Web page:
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The Prevention Model

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LEXINGTON “You are what you eat!” Alison Bailey, MD, preventive cardiologist and associate professor of medicine at UK College of Medicine would agree with that age-old adage. According to Bailey, there is overwhelming evidence that healthy eating habits play a crucial role in the prevention and treatment of cardiovascular disease, as well as other lifestyle diseases that contribute to significant morbidity and mortality in Kentucky and in the US. As director of ambulatory cardiology and cardiac rehab at the UK Gill Heart Institute, Bailey focuses on the emerging specialty of preventive cardiology. “The specialty of preventive cardiology evolved from treating patients that were left debilitated from heart disease,” says Bailey. “With improvements in the diagnosis and treatment of cardiovascular disease, the principles of cardiac rehabilitation and lifestyle/dietary changes can be applied to patients with multiple risk factors and can keep patients from suffering multiple heart attacks over a lifetime.”

As evidence, Bailey cites a National Geographic article (June/July 2009: Longevity Expedition), which described populations with the highest longevity. While widely disparate in many other factors, the populations had the following characteristics: plant-based diet with little processed food, small intake of animal products, and an active lifestyle. The food in these cultures does not come in bags, boxes, and wrappers. The population remains active even into their 70s and 80s with physical activity, not structured exercise, as part of their daily routine.

The Role of the Preventive Cardiologist

Bailey sees patients from 20 years old to 80+. About two-thirds of her patients have already experienced a myocardial infarction or other adverse cardiac event; one-third of her patients have not, but generally have cardiac risk factors.

“The current health insurance model in the US is based more on treatment than prevention, and consequently, preventive cardiology services are often only paid for after a heart attack and/or cardiac bypass,” says Bailey. Through cardiac rehab, these patients learn the skill set to lead a healthier life. Bailey contends the link between risk factors and cardiovascular disease makes prevention a more desirable model both for improved patient health as well as lower health care costs.

For all of her patients, Bailey stresses the importance of lifestyle and diet over prescriptions and pills. Her advice in a nutshell:

Don’t smoke.
Consume a healthy, plant-based diet.
Get regular physical activity – walking 30 minutes a day or equivalent.
Control body weight.
Limit sugar intake.
Control blood pressure.

In her teaching role, Bailey works with medical students to provide nutritional and lifestyle counseling sessions for mothers and children at the Salvation Army Center in Lexington. Her goal is to empower the community with the primary message that it is possible to eat a healthy, plant-based diet on a budget.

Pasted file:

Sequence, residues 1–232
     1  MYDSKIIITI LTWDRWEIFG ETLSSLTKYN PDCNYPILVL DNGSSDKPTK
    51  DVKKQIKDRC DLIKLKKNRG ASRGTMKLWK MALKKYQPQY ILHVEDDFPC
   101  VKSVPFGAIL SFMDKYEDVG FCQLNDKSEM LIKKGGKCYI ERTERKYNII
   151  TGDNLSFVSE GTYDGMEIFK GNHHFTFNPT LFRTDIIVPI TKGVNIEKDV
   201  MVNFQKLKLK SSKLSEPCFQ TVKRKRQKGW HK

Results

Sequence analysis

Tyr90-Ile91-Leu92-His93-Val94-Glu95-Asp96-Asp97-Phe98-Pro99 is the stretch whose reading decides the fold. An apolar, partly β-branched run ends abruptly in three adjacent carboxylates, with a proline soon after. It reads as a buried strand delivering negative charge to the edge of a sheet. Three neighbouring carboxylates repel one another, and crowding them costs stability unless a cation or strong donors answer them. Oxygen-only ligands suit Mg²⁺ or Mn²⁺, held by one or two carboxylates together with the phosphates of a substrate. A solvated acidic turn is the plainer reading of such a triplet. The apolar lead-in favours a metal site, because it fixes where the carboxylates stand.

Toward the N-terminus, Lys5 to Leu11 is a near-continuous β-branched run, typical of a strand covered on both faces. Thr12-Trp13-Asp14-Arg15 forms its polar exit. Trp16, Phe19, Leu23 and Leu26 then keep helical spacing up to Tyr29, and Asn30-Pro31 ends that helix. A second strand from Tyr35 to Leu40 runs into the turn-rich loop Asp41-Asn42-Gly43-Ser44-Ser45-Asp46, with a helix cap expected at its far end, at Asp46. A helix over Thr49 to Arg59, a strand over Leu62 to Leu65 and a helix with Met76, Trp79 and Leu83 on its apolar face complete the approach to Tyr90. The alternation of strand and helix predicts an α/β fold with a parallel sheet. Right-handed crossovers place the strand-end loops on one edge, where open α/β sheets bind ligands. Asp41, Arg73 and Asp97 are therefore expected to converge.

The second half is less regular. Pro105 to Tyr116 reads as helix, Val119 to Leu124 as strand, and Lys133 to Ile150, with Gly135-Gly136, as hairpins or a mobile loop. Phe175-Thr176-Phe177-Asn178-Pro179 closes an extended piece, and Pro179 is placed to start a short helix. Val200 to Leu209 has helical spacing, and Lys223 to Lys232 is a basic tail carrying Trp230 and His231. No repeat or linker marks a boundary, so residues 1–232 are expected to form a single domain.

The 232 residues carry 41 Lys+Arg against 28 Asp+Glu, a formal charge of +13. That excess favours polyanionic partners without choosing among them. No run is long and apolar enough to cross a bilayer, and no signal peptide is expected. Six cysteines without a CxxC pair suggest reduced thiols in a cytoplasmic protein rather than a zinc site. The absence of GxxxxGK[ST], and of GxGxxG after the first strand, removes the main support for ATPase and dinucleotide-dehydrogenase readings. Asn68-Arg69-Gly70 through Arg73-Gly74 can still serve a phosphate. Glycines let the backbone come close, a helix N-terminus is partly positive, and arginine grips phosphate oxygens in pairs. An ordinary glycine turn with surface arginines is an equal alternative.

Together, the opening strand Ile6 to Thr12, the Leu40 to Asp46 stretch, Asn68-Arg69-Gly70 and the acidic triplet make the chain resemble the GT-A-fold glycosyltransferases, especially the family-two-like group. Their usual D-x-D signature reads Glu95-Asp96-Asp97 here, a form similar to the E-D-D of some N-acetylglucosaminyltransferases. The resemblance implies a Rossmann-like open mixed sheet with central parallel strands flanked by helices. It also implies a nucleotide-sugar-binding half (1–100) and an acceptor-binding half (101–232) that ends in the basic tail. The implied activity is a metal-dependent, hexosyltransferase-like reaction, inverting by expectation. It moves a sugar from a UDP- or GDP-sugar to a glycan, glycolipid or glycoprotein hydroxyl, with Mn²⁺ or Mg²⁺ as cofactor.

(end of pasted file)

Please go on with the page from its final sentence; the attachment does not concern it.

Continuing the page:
Obesity and Eating Disorders

The latest statistics on the state of obesity in the US and Kentucky are well-known and distressing. Over a third of the adult population is obese with a BMI greater than 30. Kentucky is fifth highest in the nation for obesity rates, and the rates are increasing each year. Even more concerning, 20 percent of US children are obese, and this number has skyrocketed in the last 20 years.

Overeating and obesity show a definite link to cardiovascular disease, says Bailey. While this appears to be the most prevalent eating issue in the US and many developed countries, it is not recognized by the American Psychiatric Association (APA) as an eating disorder. This may be due to the difference between eating habits and eating disorders that are driven by obsession with dietary intake. Currently, anorexia and bulimia are the most common clinically diagnosed eating disorders recognized by the APA. As Bailey states, these disorders affect a small subset of the population, usually young females, and rarely lead to typical cardiovascular disease. However, cardiac effects such as cardiac scar tissue and arrhythmias secondary to electrolyte disturbances can occur in patients with eating disorders.


Bailey’s message for Kentucky physicians is to encourage their patients to “eat local,” incorporating as many fresh fruits and vegetables as possible while minimizing processed food. “If we incorporate more local food into our diets and more fresh vegetables into schools, it will lead to better health for Kentuckians and a boost for local agricultural economy,” says Bailey. She also advocates for Kentucky physicians to spend more time teaching healthy lifestyles than prescribing medicines. “I know that teaching and coaching take more time, but the end results are happier, healthier patients and decreased medical costs,” she concludes.

1 Trust for America’s Health and Robert Wood Johnson Foundation. (2015, February 18). The State of Obesity. Retrieved from The State of Obesity: